Although written nearly 80 years before the arrival of the First Crusade in the Levant, al-Wasiti’s Fada’il al-Bayt al-Muqaddas (Merits of Jerusalem) was a popular text among Muslim proponents of the jihad propaganda campaigns of the late twelfth century. Both Ibn ‘Asakir (1105–76) and Ibn al-Jawzi (1126–1200) made use of this work in their preaching and writings.
The Messenger of God, may God bless him and grant him salvation, said, ‘You are only compelled to travel to three mosques: the Mosque of the Haram [in Mecca], my mosque here [the Mosque of the Prophet in Medina] and the Aqsa Mosque [in Jerusalem].’
Maymuna asked the Messenger of God, may God bless him and grant him salvation, about Jerusalem. He said, ‘How happy is the one who dwells in Jerusalem! Whoever performs one ritual prayer there performs the equivalent of 1,000 prayers elsewhere.’ She asked, ‘What about the person who is not able to do that?’ He replied, ‘Let him make a donation of oil to it [for the mosque lamps].’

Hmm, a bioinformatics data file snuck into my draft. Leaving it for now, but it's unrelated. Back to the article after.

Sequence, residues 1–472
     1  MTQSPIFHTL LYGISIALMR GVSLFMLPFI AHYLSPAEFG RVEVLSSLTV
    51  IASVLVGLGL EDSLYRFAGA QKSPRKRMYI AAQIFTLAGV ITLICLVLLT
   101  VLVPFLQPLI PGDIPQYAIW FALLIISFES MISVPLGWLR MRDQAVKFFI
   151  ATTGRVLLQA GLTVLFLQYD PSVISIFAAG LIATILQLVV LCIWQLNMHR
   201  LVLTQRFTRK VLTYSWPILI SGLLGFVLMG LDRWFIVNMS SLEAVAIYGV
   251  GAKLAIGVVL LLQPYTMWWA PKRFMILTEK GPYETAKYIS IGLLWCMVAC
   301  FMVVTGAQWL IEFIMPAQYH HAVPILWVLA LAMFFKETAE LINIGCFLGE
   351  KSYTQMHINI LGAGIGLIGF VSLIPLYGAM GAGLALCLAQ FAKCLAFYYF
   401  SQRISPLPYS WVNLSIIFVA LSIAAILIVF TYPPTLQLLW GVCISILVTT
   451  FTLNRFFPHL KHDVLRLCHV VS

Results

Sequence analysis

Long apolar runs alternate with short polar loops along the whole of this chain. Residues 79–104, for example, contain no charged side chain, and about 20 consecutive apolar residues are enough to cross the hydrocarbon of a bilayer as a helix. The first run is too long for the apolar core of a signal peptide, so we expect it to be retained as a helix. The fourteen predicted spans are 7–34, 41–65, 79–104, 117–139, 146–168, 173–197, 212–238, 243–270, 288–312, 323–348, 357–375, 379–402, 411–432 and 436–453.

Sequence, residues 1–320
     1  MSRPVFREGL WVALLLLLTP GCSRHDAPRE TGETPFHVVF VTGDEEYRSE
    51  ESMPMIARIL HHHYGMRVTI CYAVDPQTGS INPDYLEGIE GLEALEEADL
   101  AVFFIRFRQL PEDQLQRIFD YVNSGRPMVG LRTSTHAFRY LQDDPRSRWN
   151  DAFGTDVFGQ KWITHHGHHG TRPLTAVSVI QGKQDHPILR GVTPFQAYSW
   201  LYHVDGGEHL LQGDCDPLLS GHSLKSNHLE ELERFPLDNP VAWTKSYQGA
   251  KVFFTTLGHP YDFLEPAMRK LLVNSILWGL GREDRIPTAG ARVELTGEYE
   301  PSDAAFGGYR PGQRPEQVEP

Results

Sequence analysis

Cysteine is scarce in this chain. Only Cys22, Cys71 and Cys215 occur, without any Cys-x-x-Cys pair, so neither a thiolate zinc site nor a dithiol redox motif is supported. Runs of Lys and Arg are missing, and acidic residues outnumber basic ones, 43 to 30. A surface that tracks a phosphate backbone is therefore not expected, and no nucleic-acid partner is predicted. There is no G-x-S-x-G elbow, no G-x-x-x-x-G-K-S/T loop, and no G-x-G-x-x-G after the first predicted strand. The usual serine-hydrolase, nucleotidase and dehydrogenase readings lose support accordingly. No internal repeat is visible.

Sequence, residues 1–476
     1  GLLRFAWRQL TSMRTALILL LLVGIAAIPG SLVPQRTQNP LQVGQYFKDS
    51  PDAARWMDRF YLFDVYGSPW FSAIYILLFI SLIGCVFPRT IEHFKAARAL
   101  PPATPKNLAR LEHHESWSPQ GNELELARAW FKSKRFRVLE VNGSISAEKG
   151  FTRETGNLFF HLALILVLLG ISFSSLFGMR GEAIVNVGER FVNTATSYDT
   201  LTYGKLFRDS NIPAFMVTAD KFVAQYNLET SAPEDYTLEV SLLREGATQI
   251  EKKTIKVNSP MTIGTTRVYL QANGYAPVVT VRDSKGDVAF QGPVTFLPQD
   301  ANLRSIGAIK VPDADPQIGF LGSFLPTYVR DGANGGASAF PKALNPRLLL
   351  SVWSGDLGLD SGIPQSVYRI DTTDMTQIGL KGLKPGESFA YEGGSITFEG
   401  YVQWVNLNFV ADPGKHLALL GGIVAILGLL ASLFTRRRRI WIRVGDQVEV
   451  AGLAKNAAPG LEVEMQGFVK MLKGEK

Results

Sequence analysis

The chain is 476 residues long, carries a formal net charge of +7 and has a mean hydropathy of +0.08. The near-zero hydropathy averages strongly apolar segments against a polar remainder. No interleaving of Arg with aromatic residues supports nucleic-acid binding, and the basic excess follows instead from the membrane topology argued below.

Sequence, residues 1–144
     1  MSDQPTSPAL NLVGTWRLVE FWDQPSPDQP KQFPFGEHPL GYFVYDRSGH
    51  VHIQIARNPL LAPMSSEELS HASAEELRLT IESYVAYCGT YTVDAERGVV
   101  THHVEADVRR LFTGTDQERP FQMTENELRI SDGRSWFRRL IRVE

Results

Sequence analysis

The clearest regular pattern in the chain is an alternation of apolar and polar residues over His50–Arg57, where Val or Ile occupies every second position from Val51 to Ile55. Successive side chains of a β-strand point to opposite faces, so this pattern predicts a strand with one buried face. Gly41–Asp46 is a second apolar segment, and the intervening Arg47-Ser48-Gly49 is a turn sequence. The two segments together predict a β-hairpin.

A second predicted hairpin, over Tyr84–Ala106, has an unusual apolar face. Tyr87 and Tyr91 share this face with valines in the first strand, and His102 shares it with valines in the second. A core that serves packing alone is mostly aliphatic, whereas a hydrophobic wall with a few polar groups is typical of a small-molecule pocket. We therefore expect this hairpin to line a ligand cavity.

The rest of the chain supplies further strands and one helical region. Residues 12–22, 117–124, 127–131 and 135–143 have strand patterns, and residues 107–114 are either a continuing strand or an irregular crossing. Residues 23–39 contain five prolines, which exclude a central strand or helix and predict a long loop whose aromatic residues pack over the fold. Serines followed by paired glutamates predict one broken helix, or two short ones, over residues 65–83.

The Messenger of God, may God bless him and grant him salvation, said, ‘When I was taken by night to Jerusalem, Gabriel led me [first] to the tomb of Abraham [in Hebron], may God bless him and grant him salvation. Gabriel said, “Dismount [from al-Buraq, the Prophet’s supernal steed] and pray two prayer-cycles here, for this is the tomb of your father Abraham.” Then he led me to Bethlehem and said, “Dismount and pray two prayer-cycles here, for this is where your brother Jesus, may God bless him, was born.” Then he brought me to the Rock [in Jerusalem] and said, “From here your Lord ascended to the heavens [after the creation],” and God, be He glorified and exalted, inspired me to say, “We are at the place from which my Lord ascended to the heavens.” So I prayed with the prophets and then Gabriel took me up to the heavens.’
‘Abdiyya reported to us on the authority of her father, who said, ‘On the Day of Resurrection the Ka‘ba will be brought to Jerusalem, in procession like a bride, with those who were performing the hajj there clinging to it. The Rock will say, “Welcome to the guest and the one who is visited [by pilgrims].” ’
Source: Muhammad ibn Ahmad al-Wasiti. (1979) Fada’il al-Bayt al-Muqaddas. Ed. Isaac Hasson. Max Schloessinger Memorial Series 3. Jerusalem: The Hebrew University, pp. 4, 24–5, 72 and 93.